If you haven’t made the move, now is the time.  Purchase your tickets to  the premier Washington Grand Wine Tasting on April 2 -3, 2016. There are over two hundred Washington wineries pouring samples and 70 restaurants servings up tasty bites this weekend. In addition, there are educational seminars and the Alaska Chef’s Stage where you can see real live chef’s whipping up tasty dishes.  TasteWaWineMonth_RedPlaid_NoDate_Logo

Your Alaska Airlines Visa Signature Card will get you access to the  VIP Cardholder’s Lounge where you can sample delicious food along with library wines. From the Seastar Restaurant Catering and John Howie Steak try some Porcini Mushroom Soup, Mini Dungeness Crab Cakes,  American Wagyu Beef Meatballs with Foie Gras Demi Glace,  Asiago-Blue Cheese Stuffed Red Potatoes, Sushi, Sesame Peppercorn Crusted Ahi, Prime New York Strip with Maitre d’sauce, and/or Deviled Eggs with Truffled Bacon.

The reserve and library wines will be from some of Washington’s most prestigious winemakers. Here’s the line-up:

Saturday, April 2
1pm – 2pm Chateau Ste. Michelle
2pm – 3pm Dunham Cellars
3pm – 4pm DeLille Cellars
4pm – 5pm Mark Ryan Winery

Sunday, April 3
1pm – 2pm Chateau St. Michelle
2pm – 3pm Barons Winery / Matteo Wines
3pm – 4pm Sparkman Cellars
4pm – 5pm Avennia Winery

If that doesn’t make your mouth water, we need to talk – preferably over a bottle of wine.  More info here,  tastewashington.org

Cheers!

March is Washington Wine Month

March is Washington Wine Month with celebrations and events you won’t want to miss.

On Bainbridge Island, it’s raining gold and silver at Eleven Winery! The judges at Savor NW have chosen the 2013 Syrah and 2013 Roussanne as Gold Medal Winners. The 2013 Viognier and the 2012 La Ronde were awarded Silver Medals.  Available online, in the tasting room or at the  winery with the exception of the sold out  2013 Syrah.

The biggest event of them all is Taste Washington. TasteWaWineMonth_RedPlaid_NoDate_LogoAt Taste Washington, you can sample wines from over 225 Washington wineries, delicious bites from 65 local restaurants, wines from featured Washington AVAs and seminars to learn the nitty gritty about Washington Wines!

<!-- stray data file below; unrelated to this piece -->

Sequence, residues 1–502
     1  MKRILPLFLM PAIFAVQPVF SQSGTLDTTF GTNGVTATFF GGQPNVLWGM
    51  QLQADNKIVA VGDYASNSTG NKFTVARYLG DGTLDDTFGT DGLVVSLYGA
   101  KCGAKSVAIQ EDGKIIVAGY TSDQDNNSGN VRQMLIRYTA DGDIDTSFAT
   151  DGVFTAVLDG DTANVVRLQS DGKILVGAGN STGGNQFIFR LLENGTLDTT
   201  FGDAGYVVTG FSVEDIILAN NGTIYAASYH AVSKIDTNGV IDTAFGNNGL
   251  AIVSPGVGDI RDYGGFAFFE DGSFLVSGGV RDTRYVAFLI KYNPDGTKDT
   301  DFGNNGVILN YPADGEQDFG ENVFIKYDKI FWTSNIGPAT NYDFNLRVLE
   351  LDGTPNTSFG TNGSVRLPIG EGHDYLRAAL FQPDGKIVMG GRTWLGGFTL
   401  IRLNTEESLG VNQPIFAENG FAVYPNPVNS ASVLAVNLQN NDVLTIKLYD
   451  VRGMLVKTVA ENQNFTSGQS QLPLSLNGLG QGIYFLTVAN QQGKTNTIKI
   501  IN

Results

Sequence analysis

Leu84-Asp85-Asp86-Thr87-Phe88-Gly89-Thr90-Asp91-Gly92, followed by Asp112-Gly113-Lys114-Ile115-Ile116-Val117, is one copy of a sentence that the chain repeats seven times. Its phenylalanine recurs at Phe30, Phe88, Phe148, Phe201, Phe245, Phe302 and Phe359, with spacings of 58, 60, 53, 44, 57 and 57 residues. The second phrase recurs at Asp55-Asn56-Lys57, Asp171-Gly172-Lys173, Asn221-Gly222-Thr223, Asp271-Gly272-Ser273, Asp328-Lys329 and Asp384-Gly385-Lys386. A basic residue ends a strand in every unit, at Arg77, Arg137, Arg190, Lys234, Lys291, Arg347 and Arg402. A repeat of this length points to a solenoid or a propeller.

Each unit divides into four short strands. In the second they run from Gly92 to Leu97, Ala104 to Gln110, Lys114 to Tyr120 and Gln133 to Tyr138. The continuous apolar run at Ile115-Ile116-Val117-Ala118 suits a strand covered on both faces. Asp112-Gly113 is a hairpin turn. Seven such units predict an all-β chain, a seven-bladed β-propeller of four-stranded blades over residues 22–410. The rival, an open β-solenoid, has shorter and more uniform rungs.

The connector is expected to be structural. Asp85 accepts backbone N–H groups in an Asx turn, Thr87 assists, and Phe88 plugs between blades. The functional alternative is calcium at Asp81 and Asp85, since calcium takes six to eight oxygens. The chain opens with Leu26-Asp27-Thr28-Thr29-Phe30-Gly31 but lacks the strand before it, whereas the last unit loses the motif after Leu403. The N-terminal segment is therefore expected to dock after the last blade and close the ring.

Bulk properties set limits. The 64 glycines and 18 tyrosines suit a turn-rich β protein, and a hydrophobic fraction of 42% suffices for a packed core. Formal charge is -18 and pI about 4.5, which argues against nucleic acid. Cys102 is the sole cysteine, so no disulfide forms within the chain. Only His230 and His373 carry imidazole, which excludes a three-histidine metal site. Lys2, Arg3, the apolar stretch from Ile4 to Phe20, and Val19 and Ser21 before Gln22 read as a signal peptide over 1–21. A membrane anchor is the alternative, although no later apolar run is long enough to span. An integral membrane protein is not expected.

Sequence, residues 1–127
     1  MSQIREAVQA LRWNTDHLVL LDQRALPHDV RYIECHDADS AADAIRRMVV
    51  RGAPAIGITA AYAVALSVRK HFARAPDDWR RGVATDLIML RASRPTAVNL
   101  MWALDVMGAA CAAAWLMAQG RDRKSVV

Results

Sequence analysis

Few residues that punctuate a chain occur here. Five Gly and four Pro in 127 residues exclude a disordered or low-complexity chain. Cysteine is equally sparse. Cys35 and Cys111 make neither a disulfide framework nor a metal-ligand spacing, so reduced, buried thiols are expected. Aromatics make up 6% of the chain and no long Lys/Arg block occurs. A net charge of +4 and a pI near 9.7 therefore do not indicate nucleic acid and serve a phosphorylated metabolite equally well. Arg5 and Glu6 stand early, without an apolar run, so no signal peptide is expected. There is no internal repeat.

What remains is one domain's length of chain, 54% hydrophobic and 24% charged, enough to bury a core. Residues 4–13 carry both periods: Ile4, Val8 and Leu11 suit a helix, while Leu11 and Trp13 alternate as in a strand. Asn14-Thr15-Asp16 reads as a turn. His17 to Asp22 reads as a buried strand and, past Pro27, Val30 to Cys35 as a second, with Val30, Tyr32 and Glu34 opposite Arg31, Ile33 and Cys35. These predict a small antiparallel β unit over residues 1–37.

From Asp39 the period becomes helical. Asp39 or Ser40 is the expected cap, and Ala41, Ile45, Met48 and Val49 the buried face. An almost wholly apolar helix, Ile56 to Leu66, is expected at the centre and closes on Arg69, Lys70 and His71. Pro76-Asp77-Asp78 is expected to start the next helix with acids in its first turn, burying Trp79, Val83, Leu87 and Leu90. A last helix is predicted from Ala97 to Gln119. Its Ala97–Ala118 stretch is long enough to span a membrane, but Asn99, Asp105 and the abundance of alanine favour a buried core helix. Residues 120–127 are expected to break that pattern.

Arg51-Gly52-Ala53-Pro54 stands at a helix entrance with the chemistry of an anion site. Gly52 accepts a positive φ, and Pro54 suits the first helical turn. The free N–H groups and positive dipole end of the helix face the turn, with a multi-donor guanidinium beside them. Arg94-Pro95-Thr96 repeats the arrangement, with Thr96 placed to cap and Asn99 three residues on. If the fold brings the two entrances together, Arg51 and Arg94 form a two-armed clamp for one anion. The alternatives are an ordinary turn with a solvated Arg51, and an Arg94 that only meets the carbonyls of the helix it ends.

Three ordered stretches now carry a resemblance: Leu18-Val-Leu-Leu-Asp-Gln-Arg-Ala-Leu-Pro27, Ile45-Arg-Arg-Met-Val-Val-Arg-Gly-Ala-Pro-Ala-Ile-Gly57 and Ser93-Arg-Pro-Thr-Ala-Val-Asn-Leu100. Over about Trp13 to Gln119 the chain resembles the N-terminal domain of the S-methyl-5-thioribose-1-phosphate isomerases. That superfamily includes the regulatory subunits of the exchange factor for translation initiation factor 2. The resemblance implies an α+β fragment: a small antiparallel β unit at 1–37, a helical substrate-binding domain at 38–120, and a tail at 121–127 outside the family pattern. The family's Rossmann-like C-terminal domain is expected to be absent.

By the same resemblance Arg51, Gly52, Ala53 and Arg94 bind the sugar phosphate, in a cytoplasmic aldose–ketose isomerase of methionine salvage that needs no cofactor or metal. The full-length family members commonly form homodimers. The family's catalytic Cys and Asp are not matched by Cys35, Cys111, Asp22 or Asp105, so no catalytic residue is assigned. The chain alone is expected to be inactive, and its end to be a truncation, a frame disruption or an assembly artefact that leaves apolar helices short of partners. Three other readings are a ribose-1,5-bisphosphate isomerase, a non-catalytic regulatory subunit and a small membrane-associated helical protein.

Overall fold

The series of educational seminars is truly enlightening. On Saturday, Washington vs the World, will compare Washington Rhone-style wines to Rhone-style wines from around the world. King Cab will explore this Bordeaux grape from various AVAs across the state. Tasting Washington is a discussion and tasting on the Washington-ness in Washington wine.

On Sunday, Through the Grapevine: Lessons learned from a lifetime in Washington wine will feature some of the state’s finest growers and winemakers. Riesling on the Rise and A Sense of Place explores the grape and the winemaker and the vineyard influences on wines. Tickets for the seminars are offered separately from the other events.

After the seminars, The Grand Tasting takes place at CenturyLink Event Center on Saturday,  April 2nd and Sunday, April 3rd. You’ll taste and learn about the the latest and greatest and the tried and true of Washington State wine varietals, AVAs and culinary bites.

During the Grand Tasting,  Alaska Chef Stage will host various live chef demonstrations from an all-star culinary line-up. In a state-of-the-art kitchen, these talented chefs will be demonstrating their cooking skills and offering up culinary tips.

Hear Ryan Burnett, the Chef at the award-winning Coyaba Restaurant at the Muckleshoot Casino. Chef Jason Stratton, Executive Chef of Capitol Hill’s Mamnoon Restaurant, named one of Food & Wine magazine’s 10 Best New Chefs in 2010, and a James Beard semifinalist.

Chef Sarah Scott of El Gaucho Bellevue prepares  signature dishes and Chef Aarti Sequeria, Host of Aarti Party will be on hand. Sequeria competed on and won Season 6 of The Next Food Network Star in 2010. Born in India and brought up in the Middle East, Sequeria brings her varied culinary background to the Taste Washington stage.

More about the wine lineup later but to put a few new ones out there to think about – Port Townsend’s Lullaby Winery , Ambassador Wines out of Red Mountain, MonteScarlatto also on Red Mountain, Walla Walla’s Cadaretta and Lodmell Wineries, Woodinville’s Genoa Cellars,  Pomum Cellars and Pearl and Stone Wine Co.  Meanwhile, for a complete listing and ticket information, visit tastewashington.org

Tickets are on sale now so don’t delay. Join the fun today! Taste Washington – March 31 – April 3, 2016.

Next up is the Spring Barrel Tasting on April 22 through April 24th.  Spring Barrel Tasting weekend is your chance to taste wines from some of the oldest vineyards in the state.  This weekend you’ll sample yet-unfinished wines from the barrel.

Purchase a Premier Pass which will gain you access to added benefits  during this Spring Barrel Tasting weekend at 40 participating wineries. Premier Pass holders will be able to experience a variety of specialty food pairings, library tastings, and tours. Online Premier Pass sales end April 19. The wineries ask that you bring your own glass this weekend. yakimavalleyuncorked.com

Spring White Wines